More families are experiencing this very same dilemma because of the increasing number of Americans suffering from Alzheimer’s and other forms of dementia. More than 5.7 million in this country are suffering from this disease, which currently has no cure and is most likely to impact seniors, women and African Americans, according to the Alzheimer’s Association.

Without advance planning, it’s impossible to know what someone would want to happen. Discussing this is critical, while a patient is still relatively healthy and able to communicate her wishes to family members and to an estate planning attorney.

People who work in this area say there are two areas that must be addressed. One is drafting legal documents with an experienced estate attorney to determine who should be entrusted with health care and financial decisions. There is also a need for document known as a “statement of values” that will help family members understand goals and wishes and not be left guessing.

These decisions are not easy to consider when a person is still well. However, thinking about them and putting them down on paper, and then having the necessary documents prepared to formalize them and make them enforceable are important.

Here are the documents needed:

Durable power of attorney: This lets a trusted family or friend make financial decisions, in the event of incapacity.

Power of attorney for health care: This document permits a family member or friend to make decisions about health care decisions.

A will. The will is for the disposition of assets after your death. It also names the person who will be in charge, the executor.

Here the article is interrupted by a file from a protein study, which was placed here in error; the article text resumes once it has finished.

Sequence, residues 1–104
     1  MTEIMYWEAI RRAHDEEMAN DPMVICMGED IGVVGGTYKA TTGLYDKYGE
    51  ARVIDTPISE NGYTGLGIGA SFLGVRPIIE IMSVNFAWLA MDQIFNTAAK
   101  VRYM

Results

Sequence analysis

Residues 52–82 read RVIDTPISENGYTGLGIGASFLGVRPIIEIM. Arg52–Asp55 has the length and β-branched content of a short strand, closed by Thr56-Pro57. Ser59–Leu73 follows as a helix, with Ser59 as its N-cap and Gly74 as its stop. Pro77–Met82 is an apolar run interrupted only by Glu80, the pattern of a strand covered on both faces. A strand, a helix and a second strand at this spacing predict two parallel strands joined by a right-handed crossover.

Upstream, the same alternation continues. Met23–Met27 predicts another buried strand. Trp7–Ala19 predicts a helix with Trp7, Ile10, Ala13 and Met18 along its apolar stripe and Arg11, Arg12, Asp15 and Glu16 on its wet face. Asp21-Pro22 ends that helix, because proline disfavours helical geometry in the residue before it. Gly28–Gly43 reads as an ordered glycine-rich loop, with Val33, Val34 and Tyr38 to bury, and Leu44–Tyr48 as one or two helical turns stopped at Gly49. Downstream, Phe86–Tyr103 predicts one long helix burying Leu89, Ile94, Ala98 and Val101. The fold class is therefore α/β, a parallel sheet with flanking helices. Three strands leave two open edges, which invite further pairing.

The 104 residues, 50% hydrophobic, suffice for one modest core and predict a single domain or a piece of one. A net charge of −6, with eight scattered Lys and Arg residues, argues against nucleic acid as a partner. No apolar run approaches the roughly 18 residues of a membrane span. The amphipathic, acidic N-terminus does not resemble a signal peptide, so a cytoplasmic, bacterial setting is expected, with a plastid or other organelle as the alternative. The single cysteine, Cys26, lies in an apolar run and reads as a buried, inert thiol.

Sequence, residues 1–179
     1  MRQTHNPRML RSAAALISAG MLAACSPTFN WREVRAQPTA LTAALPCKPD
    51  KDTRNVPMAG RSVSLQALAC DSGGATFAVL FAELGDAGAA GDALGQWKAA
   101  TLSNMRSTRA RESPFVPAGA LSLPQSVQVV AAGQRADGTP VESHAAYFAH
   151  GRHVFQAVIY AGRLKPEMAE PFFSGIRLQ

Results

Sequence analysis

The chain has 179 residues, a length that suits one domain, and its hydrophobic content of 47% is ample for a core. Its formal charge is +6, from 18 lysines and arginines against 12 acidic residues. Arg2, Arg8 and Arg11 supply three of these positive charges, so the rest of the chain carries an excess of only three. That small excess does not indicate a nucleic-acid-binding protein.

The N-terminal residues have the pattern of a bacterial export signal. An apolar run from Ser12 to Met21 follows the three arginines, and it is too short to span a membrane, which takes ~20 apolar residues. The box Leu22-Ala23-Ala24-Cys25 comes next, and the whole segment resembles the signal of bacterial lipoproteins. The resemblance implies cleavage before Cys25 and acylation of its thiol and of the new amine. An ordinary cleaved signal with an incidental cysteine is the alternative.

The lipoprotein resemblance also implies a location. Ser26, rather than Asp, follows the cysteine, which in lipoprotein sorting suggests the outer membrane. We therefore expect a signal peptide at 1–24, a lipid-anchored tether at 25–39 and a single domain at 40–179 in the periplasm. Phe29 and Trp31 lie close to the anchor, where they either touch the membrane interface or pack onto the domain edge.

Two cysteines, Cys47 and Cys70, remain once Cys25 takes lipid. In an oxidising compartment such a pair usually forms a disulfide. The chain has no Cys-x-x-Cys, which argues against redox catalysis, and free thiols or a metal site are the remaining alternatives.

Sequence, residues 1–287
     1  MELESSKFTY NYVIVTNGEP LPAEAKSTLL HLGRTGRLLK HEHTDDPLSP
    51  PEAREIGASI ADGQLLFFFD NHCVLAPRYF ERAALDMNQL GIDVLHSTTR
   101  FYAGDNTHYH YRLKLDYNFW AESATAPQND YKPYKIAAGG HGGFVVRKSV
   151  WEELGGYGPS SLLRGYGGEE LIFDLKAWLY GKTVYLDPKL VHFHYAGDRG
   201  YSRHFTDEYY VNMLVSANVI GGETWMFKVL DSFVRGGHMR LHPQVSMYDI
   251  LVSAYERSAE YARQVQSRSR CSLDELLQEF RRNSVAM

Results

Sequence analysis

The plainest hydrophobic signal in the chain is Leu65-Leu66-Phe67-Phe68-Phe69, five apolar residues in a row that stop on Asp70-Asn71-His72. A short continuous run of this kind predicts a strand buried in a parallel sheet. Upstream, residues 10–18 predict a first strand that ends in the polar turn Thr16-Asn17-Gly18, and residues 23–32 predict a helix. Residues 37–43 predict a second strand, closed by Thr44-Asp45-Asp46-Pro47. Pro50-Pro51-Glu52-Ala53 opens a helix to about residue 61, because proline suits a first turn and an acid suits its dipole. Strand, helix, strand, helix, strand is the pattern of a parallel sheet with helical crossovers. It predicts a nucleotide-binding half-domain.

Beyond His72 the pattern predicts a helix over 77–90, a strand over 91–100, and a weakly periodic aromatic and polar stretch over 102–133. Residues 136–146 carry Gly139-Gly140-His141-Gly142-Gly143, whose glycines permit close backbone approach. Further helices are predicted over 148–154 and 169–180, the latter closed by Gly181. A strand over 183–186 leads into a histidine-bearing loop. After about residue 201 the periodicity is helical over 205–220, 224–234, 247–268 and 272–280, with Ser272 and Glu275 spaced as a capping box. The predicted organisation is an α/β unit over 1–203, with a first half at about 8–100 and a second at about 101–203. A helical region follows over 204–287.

A revocable trust. This is one of many documents that can be used to allow you to set conditions and directions about assets, while you are still living but when you have become incapacitated. It can be changed at your direction. Hence, the term revocable. An estate planning attorney will know what type of trust should be used for your situation.

Only four out of 10 Americans have wills, with many hesitating to have them created because they think that only rich people need a will. However, without a will, or the other documents described above, the family is left in a terrible situation, where there will be additional costs, if and when decisions need to be made but no one has been legally empowered to make the decisions.

The revocable trust could bypass many unpleasant situations, like instructing a power of attorney to place your assets in a trust that was set up specifically to pay for your care in a skilled nursing facility of your choice, or to describe with great specificity who was allowed to live in your home, if you became incapacitated.

Another missing step: the family discussion. Getting everyone together to discuss planning for the future, isn’t as fun as going on a family vacation, but it is important. If someone is starting to have the effects of dementia, they may not remember what they told another family member. With everyone in the same room, there will be a better chance that their wishes will be clear.

The moment someone learns that they have dementia, is the time to put all these elements into place, before it is too late.

Reference: USA Today (Jan. 31, 2019) “B. Smith’s Alzheimer’s raises question: How to protect your wishes when incapacitated”